If you're finding it hard to understand, I suggest you look up Pixel (Wiki this). It's important to remember that a picture is made of them, and a small picture isn't made of very many of them. Your 90x90 image, for example, is only made of 810. A 360x360 image will need 129,600 of them, and it can't just make them up out of thin air. It does the best job of guessing it can with the limited information to make something that resembles the larger image, but it's still trying to make up 128,790 pixels based on the information of 810 (that means that every single pixel is telling 160 others what to look like). Imagine a game of "Telephone" (also known as "Chinese Whispers") in which you whisper something to 810 people, and have them all whisper it to 160 people each, then have all 129,600 people shout out the answer all at once. It simply won't sound anything like the original.

So, I'm sorry, but CSI and the like are playing with Hollywood magic in this case! It's simply not possible to "sharpen" an image that's that small and make it legible. They've taken a large image, sized it down, and then shown the original one again as they complete the "sharpening" process.

Our other members should've been nicer, though. I apologize.

Hope this makes a bit more sense!

It makes a lot more sense and I'll do just that (Wiki)! Interesting analogy. BTW: not only will it not sound like the original, the whispered subject matter will not resemble the original even slightly. We did an experiment at school one day (many years ago! LOL) and there were approx 30 students involved and the teacher whispered a short story/message to the first pupil in line who then passed it on orally to the next pupil, etc., etc., and the last pupil uttered some nonsense which described a totally different subject to the original! :lol: Who said it was good to talk!? :lol:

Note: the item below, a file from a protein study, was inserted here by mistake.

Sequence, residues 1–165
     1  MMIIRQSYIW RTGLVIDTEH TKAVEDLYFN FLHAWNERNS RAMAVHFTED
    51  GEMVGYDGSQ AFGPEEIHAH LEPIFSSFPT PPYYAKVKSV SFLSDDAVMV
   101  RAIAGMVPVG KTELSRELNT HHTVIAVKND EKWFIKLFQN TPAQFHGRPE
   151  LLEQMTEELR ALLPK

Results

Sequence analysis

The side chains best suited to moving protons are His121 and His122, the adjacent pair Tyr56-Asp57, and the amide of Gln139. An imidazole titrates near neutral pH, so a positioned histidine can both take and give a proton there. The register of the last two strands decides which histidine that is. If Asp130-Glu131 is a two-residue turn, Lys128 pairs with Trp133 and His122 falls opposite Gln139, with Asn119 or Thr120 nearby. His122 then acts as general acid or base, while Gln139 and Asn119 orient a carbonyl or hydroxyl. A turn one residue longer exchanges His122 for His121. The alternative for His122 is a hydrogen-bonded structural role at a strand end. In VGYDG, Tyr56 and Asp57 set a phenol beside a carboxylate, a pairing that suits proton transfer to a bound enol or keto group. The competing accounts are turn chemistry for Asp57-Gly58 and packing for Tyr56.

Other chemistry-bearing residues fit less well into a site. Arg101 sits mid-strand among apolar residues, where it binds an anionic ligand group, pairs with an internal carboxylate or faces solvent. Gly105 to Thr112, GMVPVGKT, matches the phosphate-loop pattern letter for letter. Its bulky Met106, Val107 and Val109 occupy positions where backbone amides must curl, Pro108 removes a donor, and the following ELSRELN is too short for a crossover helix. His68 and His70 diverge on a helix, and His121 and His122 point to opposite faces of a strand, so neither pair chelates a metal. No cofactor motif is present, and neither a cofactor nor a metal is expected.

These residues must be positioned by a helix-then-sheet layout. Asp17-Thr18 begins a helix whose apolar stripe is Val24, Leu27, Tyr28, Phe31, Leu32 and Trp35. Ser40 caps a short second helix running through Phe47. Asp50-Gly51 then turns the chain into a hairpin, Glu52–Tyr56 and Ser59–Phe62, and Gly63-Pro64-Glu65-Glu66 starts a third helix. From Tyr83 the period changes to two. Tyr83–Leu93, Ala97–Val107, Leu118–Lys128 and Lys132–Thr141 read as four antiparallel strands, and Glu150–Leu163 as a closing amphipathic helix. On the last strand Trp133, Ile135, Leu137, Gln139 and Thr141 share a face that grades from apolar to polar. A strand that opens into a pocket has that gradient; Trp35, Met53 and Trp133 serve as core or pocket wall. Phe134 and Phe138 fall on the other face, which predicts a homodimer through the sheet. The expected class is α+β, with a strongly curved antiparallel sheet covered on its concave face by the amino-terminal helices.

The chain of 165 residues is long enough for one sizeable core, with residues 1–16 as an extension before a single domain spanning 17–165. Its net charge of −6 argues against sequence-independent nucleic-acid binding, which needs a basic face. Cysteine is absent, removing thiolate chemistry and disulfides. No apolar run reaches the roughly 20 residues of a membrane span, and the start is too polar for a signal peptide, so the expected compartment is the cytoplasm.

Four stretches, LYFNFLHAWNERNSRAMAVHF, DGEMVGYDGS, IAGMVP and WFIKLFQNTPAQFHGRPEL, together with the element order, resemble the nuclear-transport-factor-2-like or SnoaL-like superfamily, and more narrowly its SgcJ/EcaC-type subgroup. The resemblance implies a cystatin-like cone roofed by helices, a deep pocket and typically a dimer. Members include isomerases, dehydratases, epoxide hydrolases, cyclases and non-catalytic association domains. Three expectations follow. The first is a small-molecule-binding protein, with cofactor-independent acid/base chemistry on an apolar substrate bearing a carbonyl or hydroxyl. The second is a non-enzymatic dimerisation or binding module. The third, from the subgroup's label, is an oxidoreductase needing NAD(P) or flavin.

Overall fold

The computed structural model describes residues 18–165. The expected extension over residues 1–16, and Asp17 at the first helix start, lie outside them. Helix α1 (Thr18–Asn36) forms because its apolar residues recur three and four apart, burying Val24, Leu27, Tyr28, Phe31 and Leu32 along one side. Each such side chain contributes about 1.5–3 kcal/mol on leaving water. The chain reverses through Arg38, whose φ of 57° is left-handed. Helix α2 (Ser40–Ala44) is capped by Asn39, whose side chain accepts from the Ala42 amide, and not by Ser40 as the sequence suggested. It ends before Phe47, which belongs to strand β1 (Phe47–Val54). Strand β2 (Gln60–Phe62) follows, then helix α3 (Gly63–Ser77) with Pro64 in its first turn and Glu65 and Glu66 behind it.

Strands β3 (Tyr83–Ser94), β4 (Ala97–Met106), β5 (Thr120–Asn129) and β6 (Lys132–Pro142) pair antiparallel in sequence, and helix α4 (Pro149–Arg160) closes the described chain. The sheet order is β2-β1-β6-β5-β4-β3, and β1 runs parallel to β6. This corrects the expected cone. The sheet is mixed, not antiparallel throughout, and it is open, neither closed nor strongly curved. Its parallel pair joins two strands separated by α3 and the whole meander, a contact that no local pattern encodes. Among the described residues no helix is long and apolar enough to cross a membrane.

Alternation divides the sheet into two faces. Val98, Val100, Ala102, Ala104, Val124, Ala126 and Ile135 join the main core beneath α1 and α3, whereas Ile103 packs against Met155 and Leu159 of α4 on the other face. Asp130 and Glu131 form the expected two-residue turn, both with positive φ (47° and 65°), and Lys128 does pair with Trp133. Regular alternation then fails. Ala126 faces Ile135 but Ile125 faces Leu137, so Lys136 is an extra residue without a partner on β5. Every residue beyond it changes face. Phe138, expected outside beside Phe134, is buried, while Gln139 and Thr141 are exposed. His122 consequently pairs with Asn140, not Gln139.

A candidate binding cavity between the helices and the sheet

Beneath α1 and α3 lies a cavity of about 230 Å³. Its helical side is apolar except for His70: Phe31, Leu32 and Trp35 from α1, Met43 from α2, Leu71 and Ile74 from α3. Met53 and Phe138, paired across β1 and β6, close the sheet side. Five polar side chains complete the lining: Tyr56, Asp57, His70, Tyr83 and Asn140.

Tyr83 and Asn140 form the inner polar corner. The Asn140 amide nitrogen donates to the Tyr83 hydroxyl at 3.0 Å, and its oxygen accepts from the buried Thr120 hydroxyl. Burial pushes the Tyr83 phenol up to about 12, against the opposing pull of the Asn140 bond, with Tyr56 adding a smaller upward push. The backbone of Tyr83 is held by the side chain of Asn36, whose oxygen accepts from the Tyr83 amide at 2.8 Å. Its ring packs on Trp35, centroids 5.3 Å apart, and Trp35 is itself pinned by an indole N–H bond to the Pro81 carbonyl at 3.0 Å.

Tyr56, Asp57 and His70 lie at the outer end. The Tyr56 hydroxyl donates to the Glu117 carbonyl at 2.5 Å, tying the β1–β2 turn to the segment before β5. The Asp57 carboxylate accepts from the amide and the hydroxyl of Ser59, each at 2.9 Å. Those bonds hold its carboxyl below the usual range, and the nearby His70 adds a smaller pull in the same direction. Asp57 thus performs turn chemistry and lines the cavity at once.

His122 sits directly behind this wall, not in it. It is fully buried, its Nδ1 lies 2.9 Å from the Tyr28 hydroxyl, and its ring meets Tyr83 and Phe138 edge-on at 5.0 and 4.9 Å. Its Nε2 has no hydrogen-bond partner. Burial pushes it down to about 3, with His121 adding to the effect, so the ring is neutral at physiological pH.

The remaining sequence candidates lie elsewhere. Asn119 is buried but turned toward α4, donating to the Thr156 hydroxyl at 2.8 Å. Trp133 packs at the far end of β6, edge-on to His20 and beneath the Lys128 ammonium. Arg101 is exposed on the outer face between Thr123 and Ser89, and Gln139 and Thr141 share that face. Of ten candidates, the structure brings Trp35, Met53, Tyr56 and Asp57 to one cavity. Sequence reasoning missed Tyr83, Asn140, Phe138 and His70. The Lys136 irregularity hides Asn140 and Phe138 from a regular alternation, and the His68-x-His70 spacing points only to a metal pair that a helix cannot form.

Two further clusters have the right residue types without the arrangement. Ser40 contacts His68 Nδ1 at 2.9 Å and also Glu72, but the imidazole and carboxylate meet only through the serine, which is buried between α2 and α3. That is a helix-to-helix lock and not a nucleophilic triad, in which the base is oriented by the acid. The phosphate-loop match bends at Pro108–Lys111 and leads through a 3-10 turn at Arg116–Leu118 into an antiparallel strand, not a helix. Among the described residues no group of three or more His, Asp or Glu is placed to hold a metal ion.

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  • 7 years later...
Hidden Content:

I didn't notice how old these posts were, but it IS POSSIBLE, to take a small image, enlarge it, and keep it sharp.
 
All those files- JPEG, BMP, TILL, PNG, etc., are BITMAP files, and each PIXEL has its own inherent qualities which cannot be changed, in that type of file.
 
HOWEVER, in a VECTOR - type file, it uses  "text" type of system using lines and curves, to change the inherent mathematical qualities of the image areas, and, without a longer explanation, it works a kind of "magic", making the enlarged image pretty sharp.
 
It's not perfect, it can't take a postage stamp and make a sharp poster, but it is FAR BETTER than any other alternative, I have seen.
 
 
read below:
 
(possible spammy post removed) 

Edited by david.atwell
hid and deleted potential spam
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Not relevant.  Spam suspected.  Super old thread locked.

 

The Doctor: There was a goblin, or a trickster, or a warrior... A nameless, terrible thing, soaked in the blood of a billion galaxies. The most feared being in all the cosmos. And nothing could stop it, or hold it, or reason with it. One day it would just drop out of the sky and tear down your world.
Amy: But how did it end up in there?
The Doctor: You know fairy tales. A good wizard tricked it.
River Song: I hate good wizards in fairy tales; they always turn out to be him.